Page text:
Data from: Genetic variation in aggregation behaviour and interacting phenotypes in Drosophila
Philippe, Anne Sophie et al. (2016), Data from: Genetic variation in aggregation behaviour and interacting phenotypes in Drosophila, Dryad, Dataset, https://doi.org/10.5061/dryad.n9m02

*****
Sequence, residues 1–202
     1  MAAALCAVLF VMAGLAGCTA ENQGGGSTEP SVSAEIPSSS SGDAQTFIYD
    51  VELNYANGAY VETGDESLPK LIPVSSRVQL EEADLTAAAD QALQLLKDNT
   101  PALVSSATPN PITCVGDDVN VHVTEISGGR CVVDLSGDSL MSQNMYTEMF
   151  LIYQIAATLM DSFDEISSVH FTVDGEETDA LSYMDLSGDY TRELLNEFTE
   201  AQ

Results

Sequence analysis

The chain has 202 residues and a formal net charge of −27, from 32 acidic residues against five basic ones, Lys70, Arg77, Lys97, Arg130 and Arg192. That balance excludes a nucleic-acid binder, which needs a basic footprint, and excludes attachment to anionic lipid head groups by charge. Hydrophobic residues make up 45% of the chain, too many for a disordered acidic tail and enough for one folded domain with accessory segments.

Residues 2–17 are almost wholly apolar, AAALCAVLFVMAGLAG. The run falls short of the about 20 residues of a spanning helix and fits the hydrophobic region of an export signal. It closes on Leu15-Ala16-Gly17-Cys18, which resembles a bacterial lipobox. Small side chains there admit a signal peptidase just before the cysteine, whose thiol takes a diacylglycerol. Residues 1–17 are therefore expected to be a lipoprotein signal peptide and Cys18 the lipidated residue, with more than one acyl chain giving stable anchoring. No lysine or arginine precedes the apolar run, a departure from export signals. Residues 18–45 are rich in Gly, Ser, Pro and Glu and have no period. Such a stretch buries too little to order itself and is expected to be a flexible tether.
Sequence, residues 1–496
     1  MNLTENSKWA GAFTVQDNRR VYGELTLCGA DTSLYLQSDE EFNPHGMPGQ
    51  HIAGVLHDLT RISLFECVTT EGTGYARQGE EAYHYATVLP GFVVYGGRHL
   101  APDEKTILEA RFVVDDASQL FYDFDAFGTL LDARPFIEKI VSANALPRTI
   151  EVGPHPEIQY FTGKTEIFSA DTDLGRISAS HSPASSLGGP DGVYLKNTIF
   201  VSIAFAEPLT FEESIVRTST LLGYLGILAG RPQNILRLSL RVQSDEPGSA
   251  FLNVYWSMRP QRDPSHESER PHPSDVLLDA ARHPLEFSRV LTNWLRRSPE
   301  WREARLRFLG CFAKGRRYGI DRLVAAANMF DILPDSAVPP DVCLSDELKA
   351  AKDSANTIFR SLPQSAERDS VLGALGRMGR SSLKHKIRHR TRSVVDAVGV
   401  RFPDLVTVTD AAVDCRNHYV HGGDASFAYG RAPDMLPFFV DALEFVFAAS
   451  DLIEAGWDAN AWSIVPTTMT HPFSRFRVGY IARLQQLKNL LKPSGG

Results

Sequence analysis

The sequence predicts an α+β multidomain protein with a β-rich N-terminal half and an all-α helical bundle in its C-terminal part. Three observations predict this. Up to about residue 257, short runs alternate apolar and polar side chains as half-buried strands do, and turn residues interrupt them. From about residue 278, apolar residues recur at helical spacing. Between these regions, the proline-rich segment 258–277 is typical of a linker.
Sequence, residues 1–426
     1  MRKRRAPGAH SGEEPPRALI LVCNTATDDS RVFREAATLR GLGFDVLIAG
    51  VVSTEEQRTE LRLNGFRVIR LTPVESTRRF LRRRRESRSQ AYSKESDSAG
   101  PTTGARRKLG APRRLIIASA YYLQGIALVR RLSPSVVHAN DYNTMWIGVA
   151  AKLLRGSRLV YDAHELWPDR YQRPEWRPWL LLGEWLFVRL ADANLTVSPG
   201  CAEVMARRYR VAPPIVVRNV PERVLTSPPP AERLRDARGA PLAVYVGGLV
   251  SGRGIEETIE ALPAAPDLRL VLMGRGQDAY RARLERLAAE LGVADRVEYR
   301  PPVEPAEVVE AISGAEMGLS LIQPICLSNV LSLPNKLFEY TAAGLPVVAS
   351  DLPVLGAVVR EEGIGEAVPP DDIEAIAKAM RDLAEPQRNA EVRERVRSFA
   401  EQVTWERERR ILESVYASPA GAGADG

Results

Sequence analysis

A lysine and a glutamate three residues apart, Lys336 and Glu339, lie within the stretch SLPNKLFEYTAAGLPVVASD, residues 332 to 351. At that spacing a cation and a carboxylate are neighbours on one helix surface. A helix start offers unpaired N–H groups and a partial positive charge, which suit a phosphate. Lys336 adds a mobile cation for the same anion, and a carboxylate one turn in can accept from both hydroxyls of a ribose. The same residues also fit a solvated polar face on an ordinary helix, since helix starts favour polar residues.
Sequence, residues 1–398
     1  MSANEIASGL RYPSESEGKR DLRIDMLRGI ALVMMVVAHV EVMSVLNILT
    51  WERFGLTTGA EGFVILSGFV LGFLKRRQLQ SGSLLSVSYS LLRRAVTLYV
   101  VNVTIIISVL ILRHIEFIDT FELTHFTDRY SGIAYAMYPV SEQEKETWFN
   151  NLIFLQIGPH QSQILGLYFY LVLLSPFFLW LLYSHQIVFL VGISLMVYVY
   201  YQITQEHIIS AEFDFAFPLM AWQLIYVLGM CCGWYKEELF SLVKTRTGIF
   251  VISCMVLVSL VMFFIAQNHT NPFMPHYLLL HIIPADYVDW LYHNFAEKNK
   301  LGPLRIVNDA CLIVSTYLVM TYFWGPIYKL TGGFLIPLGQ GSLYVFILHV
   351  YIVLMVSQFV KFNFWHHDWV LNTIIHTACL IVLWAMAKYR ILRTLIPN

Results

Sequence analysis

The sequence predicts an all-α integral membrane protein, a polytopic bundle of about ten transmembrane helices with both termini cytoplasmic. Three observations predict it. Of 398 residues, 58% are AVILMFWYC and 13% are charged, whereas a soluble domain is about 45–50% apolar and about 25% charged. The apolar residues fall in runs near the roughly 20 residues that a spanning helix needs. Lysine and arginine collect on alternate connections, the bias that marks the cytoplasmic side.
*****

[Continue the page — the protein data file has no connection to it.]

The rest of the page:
Aggregation behaviour is the tendency for animals to group together which may have important consequences on individual fitness. We used a combination of experimental and simulation approaches to study how genetic variation and social environment interact to influence aggregation dynamics in Drosophila. To do this, we use two different natural lines of Drosophila that arise from a polymorphism in the foraging gene (“rovers” and “sitters”). We placed groups of flies in a heated arena. Flies could freely move towards one of two small, cooler refuge areas. In groups of the same strain, sitters had a greater tendency to aggregate. The observed behavioural variation was based on only two parameters: the probability of entering a refuge and the likelihood of choosing a refuge based on the number of individuals present. We then directly addressed how different strains interact by mixing rovers and sitters within a group. Aggregation behaviour of each line was strongly affected by the presence of the other strain, without changing the decision rules used by each. Individuals obeying local rules shaped complex group dynamics via a constant feedback loop between the individual and the group. This study could help to identify the circumstances under which particular group compositions may improve individual fitness through underlying aggregation mechanisms under specific environmental conditions.